Potash or Potassa, is the protoxide of potassium. It is called the vegetable alkali, because it is obtained in an impure state by the incineration of vegetables. Potash is always formed when potassium is put into water, or when it is exposed at common temperatures to dry air or oxygen gas. By the former method the protoxide is obtained in combination with water; and in the latter it is anhydrous. It consists of 39.15 parts, or 1 equivalent of potassium, and 8 parts, or 1 equivalent of oxygen. Hydrate of potash is solid at common temperatures; it fuses at a heat rather below redness, and assumes a somewhat crystalline texture in cooling. It is highly deliquescent, and requires about half its weight of water for solution. It is also soluble in alcohol. It destroys all animal textures, and, on this account, is employed in surgery as a caustic. It changes the blue colour of violets and cabbage to green; reddened litmus to purple; and yellow turmeric to a reddish brown. It has been called lapis causticus, but is now termed potassa and fused potassa. It is prepared by evaporating the aqueous solution of potash, in a silver or clean iron capsule, to the consistence of oil, and then pouring it into moulds.
It may be purified by solution in alcohol and evaporation to the same extent as before, in a silver vessel. The operation should be performed as expeditiously as possible, to prevent the absorption of carbonic acid. A perfectly pure solution of potash will remain transparent on the addition of lime water; will not effervesce with dilute sulphuric acid, nor give any precipitate on blowing air from the lungs through it by means of a tube.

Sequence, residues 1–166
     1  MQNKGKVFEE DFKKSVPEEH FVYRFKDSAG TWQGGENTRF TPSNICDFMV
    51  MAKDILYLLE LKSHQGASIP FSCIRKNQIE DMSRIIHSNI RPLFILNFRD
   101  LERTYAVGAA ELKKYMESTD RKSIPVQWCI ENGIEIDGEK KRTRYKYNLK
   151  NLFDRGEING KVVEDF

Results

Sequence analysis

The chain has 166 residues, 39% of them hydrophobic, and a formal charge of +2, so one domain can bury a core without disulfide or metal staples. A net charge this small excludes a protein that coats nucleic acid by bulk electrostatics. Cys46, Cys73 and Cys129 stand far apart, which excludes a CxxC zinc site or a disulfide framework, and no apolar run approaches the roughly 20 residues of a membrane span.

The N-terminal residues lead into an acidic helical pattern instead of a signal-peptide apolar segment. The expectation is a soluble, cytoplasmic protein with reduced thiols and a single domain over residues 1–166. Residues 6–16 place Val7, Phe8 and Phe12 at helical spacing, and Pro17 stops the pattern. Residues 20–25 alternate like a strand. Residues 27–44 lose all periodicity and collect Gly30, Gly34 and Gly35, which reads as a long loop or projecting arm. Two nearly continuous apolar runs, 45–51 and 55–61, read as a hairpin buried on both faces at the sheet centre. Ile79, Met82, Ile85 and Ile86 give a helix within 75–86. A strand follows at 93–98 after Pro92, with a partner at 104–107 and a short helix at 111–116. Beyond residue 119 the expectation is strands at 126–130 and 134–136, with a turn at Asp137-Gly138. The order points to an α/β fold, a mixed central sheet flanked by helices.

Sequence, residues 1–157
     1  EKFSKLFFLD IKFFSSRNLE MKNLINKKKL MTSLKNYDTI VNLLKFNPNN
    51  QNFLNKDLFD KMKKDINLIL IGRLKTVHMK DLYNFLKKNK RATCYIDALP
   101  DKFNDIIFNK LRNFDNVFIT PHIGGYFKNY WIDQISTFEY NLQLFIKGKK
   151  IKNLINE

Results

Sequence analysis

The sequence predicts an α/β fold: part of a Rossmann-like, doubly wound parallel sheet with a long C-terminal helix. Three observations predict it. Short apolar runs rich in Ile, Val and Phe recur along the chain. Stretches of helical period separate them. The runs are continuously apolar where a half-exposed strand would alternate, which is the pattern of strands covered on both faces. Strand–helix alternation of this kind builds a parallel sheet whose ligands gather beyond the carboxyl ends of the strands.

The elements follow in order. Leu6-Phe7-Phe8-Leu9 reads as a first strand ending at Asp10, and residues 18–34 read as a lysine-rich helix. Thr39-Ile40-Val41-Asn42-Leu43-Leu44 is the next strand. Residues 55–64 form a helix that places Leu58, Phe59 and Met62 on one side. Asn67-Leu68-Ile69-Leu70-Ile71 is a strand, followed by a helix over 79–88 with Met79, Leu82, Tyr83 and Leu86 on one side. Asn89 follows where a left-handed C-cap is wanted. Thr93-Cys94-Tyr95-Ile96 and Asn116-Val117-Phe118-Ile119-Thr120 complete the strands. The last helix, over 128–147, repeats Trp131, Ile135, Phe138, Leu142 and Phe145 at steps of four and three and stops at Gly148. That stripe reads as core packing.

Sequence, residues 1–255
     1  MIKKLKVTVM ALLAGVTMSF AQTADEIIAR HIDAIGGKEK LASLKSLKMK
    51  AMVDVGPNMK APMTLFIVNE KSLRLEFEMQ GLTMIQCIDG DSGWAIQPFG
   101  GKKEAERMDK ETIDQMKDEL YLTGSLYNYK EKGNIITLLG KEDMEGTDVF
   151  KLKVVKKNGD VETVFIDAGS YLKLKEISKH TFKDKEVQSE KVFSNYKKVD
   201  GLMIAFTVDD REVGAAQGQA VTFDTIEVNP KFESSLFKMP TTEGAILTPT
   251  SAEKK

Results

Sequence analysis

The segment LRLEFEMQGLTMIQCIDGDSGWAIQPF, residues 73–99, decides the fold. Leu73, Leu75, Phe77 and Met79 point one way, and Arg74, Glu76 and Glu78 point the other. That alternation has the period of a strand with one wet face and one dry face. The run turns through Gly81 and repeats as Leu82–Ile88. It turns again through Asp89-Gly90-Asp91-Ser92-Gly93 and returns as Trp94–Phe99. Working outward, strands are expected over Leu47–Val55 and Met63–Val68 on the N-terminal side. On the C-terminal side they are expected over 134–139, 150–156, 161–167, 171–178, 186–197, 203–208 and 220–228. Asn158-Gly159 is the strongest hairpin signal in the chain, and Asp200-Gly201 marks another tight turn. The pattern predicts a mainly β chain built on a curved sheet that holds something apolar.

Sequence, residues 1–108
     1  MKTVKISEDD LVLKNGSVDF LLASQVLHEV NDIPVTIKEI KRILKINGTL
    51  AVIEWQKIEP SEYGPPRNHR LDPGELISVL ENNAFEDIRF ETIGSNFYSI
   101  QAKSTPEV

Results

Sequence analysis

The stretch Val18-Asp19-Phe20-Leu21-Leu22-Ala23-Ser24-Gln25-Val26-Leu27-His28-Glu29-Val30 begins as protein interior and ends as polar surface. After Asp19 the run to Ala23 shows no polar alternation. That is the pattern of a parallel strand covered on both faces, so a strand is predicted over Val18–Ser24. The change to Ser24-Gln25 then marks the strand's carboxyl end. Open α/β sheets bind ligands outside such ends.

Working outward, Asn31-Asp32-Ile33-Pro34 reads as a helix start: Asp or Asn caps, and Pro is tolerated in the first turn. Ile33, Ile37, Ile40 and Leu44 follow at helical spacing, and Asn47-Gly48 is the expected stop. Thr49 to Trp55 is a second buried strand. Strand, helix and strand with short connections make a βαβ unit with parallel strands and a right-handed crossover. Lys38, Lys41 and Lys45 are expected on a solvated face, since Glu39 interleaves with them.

Pure potash, for experimental purposes, may most easily be obtained by igniting cream of tartar in a crucible, dissolving the residue in water, filtering, boiling with a quantity of quicklime, and, after subsidence, decanting the clear liquid and evaporating in a loosely covered silver capsule till it flows like oil, and then pouring it out on a clean iron plate. A solid white cake of pure hydrate of potash is thus obtained without the agency of alcohol; it must be immediately broken into fragments and kept in a well-stoppered phial. Potash is employed as a reagent in detecting the presence of bodies, and in separating them from each other. The solid hydrate, owing to its strong affinity for water, is used for depriving gases of hygrometric moisture, and is admirably fitted for forming frigorific mixtures. Potash may be distinguished from soda by a test recommended by M. Harkort. Oxide of nickel when fused by the blow-pipe flame with borax, gives a brown glass; and this glass, if melted with a mineral containing potash, becomes blue, - an effect which is not produced by the presence of soda.